And when one man dropped cold at the prow
they knew it was an Atua,
one of the gods that rove
like the whales, the white sea birds.

And the men ventured to challenge it,
got up close under its yawning, fiery mouths
that screamed over their heads,
as it exhaled, grew larger

as if to feast, devoured the waves,
churned up whirlpools,
while its spine thrust above
their dizzying sight.

But the men where satisfied,
they’d shown how
they were a match for the deity.

News spread as Atua slid up the coast.
And when it came to rest in a bay,
just like an island,
others were waiting along the beach.

Something approached
from the wounded side of the god,
ferried like a message
across centuries and the winds of Hawaiiki.

And there before them on the shore,
the radiant, benevolent messenger,
from the throat of that dark bird, advanced,
while the people, hushed, spoke rapidly,

and the emissary’s guards
chanted rabid, whistled songs,
clutching at their sides,
the warriors couldn’t fail to notice,
blunt taiaha.

But the quiet one moved among the onlookers,
touched them, smiled,
took their offerings,
patted the children’s fine, dark hair
with one soft palm,

handed them hard iron nails
with the other,
all the while smiling, glowing, blinding,
for he was not yet human.

Copyright Ricky Barrow 2014

The Navigators

They followed the summer currents down,
away from the islands of blue heat,
the cliffs burnt with green,
the palms waving farewell.

Out there on the ocean,
tinted by the herds of turtles,
host to the flying fish,
they hauled out their sail,

skimmed the wave’s immense flame.
Taut bodies singed by the shadowless sky,
strained mind and tendon
to hold the prow like a spear
thrust at the southern star.

The awful night slid down,
crowded in by the sighs of the whales
which carried their distant homeland
deeper into a myth.
The men chose their constellations carefully,
marked the white shadows
of the migrating birds.

The sea grew tighter around them,
the sun withdrew its heat.
As if they had crossed through
a membrane in their sleep,
through the womb of the ocean mother,
they were no one’s now,
no hapu, no iwi,

children of the current
that flung them onto
the cold tongue of the south,
that coiled back into the throat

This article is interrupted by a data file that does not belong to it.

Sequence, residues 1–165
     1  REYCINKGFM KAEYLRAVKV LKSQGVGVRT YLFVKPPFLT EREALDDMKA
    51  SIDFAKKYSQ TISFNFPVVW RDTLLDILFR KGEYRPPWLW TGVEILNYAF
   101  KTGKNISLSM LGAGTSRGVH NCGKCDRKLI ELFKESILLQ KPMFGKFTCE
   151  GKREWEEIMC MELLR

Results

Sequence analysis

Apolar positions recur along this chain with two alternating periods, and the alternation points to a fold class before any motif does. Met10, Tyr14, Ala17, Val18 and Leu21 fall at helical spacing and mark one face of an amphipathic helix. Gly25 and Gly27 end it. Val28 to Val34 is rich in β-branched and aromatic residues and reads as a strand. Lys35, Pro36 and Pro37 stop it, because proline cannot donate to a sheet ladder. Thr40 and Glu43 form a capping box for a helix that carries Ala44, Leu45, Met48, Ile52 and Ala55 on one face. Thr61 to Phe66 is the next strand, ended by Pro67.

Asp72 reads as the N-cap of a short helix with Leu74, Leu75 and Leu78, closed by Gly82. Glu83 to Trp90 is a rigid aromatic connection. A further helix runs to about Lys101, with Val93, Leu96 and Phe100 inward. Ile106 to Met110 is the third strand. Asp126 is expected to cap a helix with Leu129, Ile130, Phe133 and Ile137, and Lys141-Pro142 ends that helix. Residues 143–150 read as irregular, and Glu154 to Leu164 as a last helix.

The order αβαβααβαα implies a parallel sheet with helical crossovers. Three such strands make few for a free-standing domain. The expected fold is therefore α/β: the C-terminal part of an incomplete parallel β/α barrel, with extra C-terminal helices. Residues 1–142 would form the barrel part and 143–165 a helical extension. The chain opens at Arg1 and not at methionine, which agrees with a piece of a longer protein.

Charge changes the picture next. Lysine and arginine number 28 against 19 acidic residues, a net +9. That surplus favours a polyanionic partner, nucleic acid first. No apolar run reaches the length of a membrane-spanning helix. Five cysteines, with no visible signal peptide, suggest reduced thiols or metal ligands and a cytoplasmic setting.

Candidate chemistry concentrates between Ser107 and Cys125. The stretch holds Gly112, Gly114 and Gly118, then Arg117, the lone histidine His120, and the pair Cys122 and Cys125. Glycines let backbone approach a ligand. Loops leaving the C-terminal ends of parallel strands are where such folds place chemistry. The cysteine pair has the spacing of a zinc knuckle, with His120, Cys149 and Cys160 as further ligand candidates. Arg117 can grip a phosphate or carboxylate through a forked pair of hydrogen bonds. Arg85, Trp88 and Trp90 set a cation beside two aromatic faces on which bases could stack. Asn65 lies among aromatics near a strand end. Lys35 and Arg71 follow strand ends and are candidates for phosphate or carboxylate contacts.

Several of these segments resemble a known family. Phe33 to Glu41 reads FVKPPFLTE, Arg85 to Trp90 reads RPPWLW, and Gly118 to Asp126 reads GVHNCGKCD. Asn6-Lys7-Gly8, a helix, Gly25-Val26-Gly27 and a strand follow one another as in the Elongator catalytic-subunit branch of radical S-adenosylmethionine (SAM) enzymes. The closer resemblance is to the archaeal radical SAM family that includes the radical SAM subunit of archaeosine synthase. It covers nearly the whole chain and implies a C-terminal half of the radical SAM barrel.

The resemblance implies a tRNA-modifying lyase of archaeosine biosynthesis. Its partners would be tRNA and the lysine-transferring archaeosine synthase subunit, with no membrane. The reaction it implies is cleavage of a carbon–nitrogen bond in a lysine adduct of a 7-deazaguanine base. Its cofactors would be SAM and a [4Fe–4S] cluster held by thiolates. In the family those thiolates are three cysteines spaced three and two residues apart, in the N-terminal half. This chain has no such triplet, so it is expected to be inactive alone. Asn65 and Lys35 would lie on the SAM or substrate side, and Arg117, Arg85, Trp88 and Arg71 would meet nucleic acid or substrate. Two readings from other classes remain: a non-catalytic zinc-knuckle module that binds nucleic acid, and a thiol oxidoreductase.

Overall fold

of a darker sky.

And then the signs they knew,
the birds, one, or two, or flocks,
lightning streaks of phosphor
beneath the frayed hull,
the high clouds that
rose like mothers to greet them,
the green that was just a slither
and rose like foam,

and the red flowers on the tide
that came out to lead their
exhausted hope to shore.

Copyright Ricky Barrow 2014

Tasman Comes South

You victualed your two ships and,
huddled in that vast,
un-bestowed ocean,
went forward creeping,
like a pair of reluctant soldiers
into the enemy’s camp.
But you would take with you
all the precise science
of your primitive, poxied age
and impose a calm,
an order on this southern confusion.
With the scope, the quadrant,
the straight line,
the net of longitude and latitude,
you would tackle
what had once been immeasurable song,
weeping oceanic music,
and reduce it to
the cartographer’s clinical silence.
You stood apart
within the dykes of your northern soul,
and the slithers of land you glimpsed
grew as reticent as your
gliding consort.
The continents and the islands
sensed your purpose
and would not reveal themselves.
Even amidst the telltale signs of people,
plumes of smoke, clearings,
strange vessels,
still you kept your distance.
Here on the cusp of a new world,
where landfall would mean
giving yourself over
to the pregnant unknown,
to these ones
who trumpeted you forward
to violence, to transformation,
you turned your prow,
retraced the lines of your charts
back to certainties,
back to Batavia,
not knowing what you’d seen,
touched by nothing,
having given names to horizons
that sunk beneath your wake.

Copyright Ricky Barrow 2014